|Dev: Nintendo EAD Tokyo|
|Release: November 13, 2011|
|Screen Resolution: N/A||Mild Cartoon Violence|
Mario's movements have always been masterpieces of precision, tweaked to perfection to make him move just right. Yet the plumber seems to have added a few pounds since his last outing, and the controls feel a tad heavy. Turns and jumps all have a slight lag, and apparently Mario isn't fit enough to perform a triple-jump anymore. Nor can he slide down every wall, perform a backflip with ease, or even grab Koopa shells. All these omission are curiosities to me, as they hinder the player's freedom, and could have easily been integrated.
The difficulty level of the main quest is laughable. You may lose a handful of lives in World 8, but by that point, you'll likely have dozens to spare. And should you happen to lose a few lives in one place, the game will hold your hand until you finish the stage, presenting you with a power-up block that instantly appears, often with a shimmering Tanooki suit that also makes you invincible.
The challenge is reduced even more due to the fact that the levels are incredibly short, each one taking only a couple minutes to breeze through. And there's virtually no incentive to replay the levels. There are three Star Coins to collect, which are required to unlock levels down the road, but nearly all of them are in plain sight along a path you must travel anyway, and you'll likely collect all three the first time through each level. The levels don't track your coin count individually, nor is there any scoring system, which negates a reason to return to the cleared stages.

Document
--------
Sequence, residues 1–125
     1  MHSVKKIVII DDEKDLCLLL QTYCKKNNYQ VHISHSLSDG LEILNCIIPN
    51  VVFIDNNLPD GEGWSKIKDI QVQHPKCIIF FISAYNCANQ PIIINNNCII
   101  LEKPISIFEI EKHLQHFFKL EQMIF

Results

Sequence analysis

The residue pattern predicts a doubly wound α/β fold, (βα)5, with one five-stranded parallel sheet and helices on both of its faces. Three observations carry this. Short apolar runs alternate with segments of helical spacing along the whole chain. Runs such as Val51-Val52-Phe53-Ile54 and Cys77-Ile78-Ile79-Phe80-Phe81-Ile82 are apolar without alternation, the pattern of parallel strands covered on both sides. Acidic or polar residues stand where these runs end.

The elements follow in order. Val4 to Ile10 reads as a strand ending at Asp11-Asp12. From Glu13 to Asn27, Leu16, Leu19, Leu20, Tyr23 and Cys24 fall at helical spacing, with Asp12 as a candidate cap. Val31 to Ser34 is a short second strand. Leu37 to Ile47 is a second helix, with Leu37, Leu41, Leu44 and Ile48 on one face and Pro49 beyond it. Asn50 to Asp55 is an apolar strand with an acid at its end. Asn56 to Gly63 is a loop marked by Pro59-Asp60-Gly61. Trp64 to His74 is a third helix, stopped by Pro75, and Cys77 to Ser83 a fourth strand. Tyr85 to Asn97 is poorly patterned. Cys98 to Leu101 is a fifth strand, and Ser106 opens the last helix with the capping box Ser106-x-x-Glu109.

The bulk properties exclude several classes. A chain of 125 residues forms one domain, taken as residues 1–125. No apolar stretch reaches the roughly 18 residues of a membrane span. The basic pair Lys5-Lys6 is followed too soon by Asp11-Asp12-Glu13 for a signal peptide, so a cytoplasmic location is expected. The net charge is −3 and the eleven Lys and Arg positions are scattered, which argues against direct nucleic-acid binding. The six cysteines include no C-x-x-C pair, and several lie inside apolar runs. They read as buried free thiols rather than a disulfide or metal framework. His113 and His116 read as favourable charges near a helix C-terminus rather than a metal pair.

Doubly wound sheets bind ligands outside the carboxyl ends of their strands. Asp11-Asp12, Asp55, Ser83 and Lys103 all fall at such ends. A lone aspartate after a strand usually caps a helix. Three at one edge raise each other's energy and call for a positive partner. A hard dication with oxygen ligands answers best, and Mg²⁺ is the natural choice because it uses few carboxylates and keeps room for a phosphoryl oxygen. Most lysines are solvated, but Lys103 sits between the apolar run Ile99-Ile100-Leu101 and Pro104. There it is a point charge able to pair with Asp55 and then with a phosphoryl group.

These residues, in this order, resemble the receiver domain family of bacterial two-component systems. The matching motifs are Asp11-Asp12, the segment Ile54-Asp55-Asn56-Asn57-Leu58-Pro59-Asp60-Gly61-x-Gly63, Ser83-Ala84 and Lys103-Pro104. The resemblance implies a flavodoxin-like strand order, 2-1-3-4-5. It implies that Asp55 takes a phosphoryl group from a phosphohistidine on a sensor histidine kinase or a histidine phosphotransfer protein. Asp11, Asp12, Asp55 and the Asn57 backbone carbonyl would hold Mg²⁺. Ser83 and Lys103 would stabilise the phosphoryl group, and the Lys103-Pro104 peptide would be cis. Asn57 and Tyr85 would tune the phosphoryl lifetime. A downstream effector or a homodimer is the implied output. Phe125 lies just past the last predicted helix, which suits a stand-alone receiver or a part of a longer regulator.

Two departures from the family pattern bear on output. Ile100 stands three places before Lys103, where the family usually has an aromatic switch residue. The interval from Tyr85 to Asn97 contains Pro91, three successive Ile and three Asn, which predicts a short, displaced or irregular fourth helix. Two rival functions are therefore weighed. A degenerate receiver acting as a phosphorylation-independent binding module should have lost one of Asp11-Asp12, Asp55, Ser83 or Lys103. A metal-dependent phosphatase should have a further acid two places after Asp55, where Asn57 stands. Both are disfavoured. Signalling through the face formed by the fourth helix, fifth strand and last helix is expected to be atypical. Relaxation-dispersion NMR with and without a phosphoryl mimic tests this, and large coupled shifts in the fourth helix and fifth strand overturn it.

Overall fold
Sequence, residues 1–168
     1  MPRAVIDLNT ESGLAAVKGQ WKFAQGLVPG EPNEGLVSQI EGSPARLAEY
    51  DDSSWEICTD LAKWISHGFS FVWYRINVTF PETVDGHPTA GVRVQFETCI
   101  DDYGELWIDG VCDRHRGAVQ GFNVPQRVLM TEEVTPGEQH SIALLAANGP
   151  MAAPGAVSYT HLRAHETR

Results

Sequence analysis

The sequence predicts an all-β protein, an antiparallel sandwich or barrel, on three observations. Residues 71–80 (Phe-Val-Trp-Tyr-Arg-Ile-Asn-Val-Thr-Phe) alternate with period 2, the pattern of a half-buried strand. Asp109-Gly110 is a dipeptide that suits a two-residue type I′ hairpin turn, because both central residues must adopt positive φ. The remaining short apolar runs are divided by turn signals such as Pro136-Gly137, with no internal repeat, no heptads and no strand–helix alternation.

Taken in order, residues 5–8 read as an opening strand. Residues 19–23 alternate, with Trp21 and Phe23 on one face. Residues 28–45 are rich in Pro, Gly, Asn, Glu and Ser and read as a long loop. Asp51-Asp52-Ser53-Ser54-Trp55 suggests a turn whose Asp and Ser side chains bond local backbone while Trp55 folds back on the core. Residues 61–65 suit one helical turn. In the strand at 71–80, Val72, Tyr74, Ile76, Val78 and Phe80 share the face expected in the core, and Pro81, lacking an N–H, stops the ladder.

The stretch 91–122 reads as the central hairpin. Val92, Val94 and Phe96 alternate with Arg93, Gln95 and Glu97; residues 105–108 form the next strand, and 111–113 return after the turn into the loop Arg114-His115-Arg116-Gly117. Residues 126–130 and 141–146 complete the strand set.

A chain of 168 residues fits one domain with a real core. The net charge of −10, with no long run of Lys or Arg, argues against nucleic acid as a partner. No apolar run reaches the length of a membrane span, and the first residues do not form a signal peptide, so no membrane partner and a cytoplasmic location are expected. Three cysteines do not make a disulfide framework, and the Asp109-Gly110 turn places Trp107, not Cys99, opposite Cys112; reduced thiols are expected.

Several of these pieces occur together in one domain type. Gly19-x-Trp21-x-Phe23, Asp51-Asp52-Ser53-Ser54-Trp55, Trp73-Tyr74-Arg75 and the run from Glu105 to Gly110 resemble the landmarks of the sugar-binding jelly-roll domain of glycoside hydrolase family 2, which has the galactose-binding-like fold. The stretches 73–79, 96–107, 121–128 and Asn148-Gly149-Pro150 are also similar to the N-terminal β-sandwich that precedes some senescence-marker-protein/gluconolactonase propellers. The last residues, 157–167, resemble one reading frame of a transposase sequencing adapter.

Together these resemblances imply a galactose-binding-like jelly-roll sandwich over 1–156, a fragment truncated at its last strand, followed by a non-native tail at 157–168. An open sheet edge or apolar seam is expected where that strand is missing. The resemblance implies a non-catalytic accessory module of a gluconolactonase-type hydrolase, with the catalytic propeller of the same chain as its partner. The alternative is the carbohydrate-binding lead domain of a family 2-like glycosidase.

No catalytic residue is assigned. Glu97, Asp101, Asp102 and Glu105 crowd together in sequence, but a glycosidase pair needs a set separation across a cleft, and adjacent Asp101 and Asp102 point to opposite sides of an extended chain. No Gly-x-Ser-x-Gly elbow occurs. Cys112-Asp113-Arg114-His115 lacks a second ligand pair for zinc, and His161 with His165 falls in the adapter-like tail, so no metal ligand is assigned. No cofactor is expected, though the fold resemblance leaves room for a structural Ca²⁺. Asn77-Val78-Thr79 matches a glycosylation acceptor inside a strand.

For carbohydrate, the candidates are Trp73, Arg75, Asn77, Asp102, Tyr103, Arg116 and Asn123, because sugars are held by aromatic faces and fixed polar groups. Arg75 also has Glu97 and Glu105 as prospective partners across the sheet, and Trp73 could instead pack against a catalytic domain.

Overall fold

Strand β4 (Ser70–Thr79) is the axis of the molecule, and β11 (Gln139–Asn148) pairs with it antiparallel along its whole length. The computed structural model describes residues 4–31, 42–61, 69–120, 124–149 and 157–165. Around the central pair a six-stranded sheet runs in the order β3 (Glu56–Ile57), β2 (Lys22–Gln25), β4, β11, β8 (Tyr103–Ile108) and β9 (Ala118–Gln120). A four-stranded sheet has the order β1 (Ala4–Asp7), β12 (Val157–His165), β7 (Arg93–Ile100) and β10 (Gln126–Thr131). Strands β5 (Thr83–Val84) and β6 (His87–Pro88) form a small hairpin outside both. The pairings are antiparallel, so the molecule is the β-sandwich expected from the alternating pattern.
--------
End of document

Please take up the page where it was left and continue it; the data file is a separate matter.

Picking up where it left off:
If nothing else, Nintendo should be pushing every extra feature the 3DS comes packed with, but this too is barebones in Super Mario 3D Land. StreetPass is the only function utilized here. Passing another 3DS user in the street will refresh the Toad Houses and Mystery Block boards, which are supposed to be challenge levels but are watered down to ten-second shellackings of poor enemies trapped in tiny spaces. Also, there are no Play Coins or Augmented Reality features, either of which could have added fun diversions and promoted the built-in features.
That's not to say you're value is limited to the main quest. Although I cannot divulge any post-completion content in this pre-release review, let me just say that once you've saved the day, you're just getting warmed up.
When given the task of reviewing an entry in a star-studded series like Mario, one can't simply say the game is fun, the graphics and sound are dazzling, and the controls function well. When a bar is set so high, any imperfections are much more noticeable. Super Mario 3D Land is a welcome addition to the portable's library, sure to satiate your platforming appetite, but I just can't shake the thought that had it been given a little more time in the cooker, a "Must Buy" score would have been readily handed to it.
CCC Contributing Writer